Many college students can relate to some, if not all, of these symptoms. GAD is one of the most common mental health diagnoses among college students.

Furthermore, almost all college students report experiencing various forms of anxiety, including test anxiety, social anxiety, and separation anxiety.

Is OCD an Anxiety Disorder?

For a long time, the DSM lumped together OCD and GAD under the general category of anxiety disorders. Hence, OCD was originally considered a type of anxiety disorder.

But our understanding of OCD has significantly improved over the years. Mental health experts realized that while some symptoms overlap, OCD is vastly different from GAD.

Hence, the fifth and most recent edition of the DSM moved OCD to a different section altogether.

OCD now resides in a section called “Obsessive-Compulsive and Related Conditions.” In addition to OCD, this section includes hair-pulling disorder, skin-picking disorder, body dysmorphic disorder, and hoarding disorder.

Still, GAD and OCD are heavily interrelated. In fact, research suggests that many people who suffer from OCD also suffer from GAD.

However, GAD still remains in the anxiety disorders section of the DSM-5. Hence, the DSM-5 now considers OCD and GAD as entirely different ailments.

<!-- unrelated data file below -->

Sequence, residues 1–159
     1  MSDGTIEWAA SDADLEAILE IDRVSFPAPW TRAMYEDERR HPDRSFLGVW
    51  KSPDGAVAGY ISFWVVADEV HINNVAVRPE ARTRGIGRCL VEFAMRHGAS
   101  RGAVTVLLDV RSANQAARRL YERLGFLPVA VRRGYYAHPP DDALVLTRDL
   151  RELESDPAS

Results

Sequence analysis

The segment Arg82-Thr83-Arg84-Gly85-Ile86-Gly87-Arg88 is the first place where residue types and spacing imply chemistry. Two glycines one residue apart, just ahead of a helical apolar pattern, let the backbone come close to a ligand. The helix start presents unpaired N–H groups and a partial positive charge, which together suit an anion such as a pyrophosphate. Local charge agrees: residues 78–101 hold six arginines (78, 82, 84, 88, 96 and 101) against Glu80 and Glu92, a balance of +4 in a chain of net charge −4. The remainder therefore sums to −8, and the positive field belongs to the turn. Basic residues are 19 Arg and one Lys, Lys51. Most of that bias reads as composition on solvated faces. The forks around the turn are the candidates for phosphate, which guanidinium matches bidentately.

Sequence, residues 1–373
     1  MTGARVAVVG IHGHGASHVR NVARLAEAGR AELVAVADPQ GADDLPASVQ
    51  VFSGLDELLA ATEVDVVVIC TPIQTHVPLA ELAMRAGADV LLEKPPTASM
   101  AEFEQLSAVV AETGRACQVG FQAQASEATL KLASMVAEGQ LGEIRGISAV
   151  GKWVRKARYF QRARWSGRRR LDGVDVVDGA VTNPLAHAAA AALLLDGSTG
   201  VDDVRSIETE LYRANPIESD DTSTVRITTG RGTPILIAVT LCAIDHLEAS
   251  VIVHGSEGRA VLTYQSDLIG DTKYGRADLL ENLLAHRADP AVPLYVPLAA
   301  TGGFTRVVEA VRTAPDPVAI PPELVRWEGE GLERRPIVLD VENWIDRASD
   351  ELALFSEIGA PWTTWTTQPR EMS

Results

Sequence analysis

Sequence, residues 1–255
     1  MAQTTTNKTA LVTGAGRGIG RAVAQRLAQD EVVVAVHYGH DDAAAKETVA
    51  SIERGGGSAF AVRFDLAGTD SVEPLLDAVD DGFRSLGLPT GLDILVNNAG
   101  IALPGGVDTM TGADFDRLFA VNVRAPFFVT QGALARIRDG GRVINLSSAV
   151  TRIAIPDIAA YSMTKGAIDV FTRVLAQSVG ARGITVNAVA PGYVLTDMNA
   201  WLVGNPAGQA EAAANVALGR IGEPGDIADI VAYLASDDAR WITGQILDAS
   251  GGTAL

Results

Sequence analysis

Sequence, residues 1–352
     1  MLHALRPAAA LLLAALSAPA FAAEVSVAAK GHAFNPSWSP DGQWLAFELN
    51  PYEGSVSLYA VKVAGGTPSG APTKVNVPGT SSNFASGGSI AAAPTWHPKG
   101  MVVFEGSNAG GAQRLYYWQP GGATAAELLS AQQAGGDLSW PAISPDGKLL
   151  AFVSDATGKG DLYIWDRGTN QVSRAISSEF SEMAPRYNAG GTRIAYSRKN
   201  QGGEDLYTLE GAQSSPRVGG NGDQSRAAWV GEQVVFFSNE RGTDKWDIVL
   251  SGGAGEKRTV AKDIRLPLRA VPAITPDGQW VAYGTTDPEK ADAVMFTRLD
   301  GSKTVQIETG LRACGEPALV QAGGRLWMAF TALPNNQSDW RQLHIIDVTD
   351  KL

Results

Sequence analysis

But on what basis did the DSM-5 make this distinction?

Key Differences Between OCD and GAD

OCD and GAD both involve intrusive thoughts which engender a great deal of distress, fear, and shame. However, the subject matter of these intrusive thoughts is vastly different.

Moreover, OCD involves the presence of compulsions, whereas GAD does not.

Obsessions vs Worries

Both OCD and GAD sufferers experience intrusive thoughts that take over their lives. But these intrusive thoughts can take on the form of either obsessions or worries.

Someone with GAD tends to worry excessively about their real-life circumstances.

For example, they might worry about their college studies, health, finances, relationships, work, and other major life issues.

Additionally, they may also experience concern about everyday things, such as making a phone call or giving a presentation at school.

However, OCD gives rise to obsessions about one or two unrealistic and far-fetched situations.

For example, a person with relationship OCD will become obsessed with the idea of “true love” and cast doubts on their relationships if it doesn’t live up to their unrealistic standards.

In contrast, the symptoms of GAD might leach into the sufferer’s relationships, but their relationship won’t be the sole subject of their fears, doubts, and worries.

Likewise, someone with relationship OCD won’t have doubts, fears, and worries about anything other than their relationship.